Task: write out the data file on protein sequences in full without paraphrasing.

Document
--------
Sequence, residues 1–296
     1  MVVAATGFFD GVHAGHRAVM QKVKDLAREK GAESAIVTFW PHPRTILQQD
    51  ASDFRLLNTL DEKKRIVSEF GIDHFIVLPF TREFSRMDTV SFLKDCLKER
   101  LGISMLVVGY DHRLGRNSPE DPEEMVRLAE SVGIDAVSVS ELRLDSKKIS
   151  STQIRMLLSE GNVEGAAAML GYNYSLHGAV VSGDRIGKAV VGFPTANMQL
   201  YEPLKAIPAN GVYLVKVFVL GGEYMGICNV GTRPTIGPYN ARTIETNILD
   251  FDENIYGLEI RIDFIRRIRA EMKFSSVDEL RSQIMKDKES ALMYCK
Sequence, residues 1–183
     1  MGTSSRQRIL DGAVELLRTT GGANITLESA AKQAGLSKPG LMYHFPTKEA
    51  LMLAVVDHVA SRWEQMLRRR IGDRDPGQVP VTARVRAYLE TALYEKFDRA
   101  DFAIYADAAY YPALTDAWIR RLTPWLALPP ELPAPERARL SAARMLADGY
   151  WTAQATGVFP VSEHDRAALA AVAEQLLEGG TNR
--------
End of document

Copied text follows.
Sequence, residues 1–296
     1  MVVAATGFFD GVHAGHRAVM QKVKDLAREK GAESAIVTFW PHPRTILQQD
    51  ASDFRLLNTL DEKKRIVSEF GIDHFIVLPF TREFSRMDTV SFLKDCLKER
   101  LGISMLVVGY DHRLGRNSPE DPEEMVRLAE SVGIDAVSVS ELRLDSKKIS
   151  STQIRMLLSE GNVEGAAAML GYNYSLHGAV VSGDRIGKAV VGFPTANMQL
   201  YEPLKAIPAN GVYLVKVFVL GGEYMGICNV GTRPTIGPYN ARTIETNILD
   251  FDENIYGLEI RIDFIRRIRA EMKFSSVDEL RSQIMKDKES ALMYCK
Sequence, residues 1–183
     1  MGTSSRQRIL DGAVELLRTT GGANITLESA AKQAGLSKPG LMYHFPTKEA
    51  LMLAVVDHVA SRWEQMLRRR IGDRDPGQVP VTARVRAYLE TALYEKFDRA
   101  DFAIYADAAY YPALTDAWIR RLTPWLALPP ELPAPERARL SAARMLADGY
   151  WTAQATGVFP VSEHDRAALA AVAEQLLEGG TNR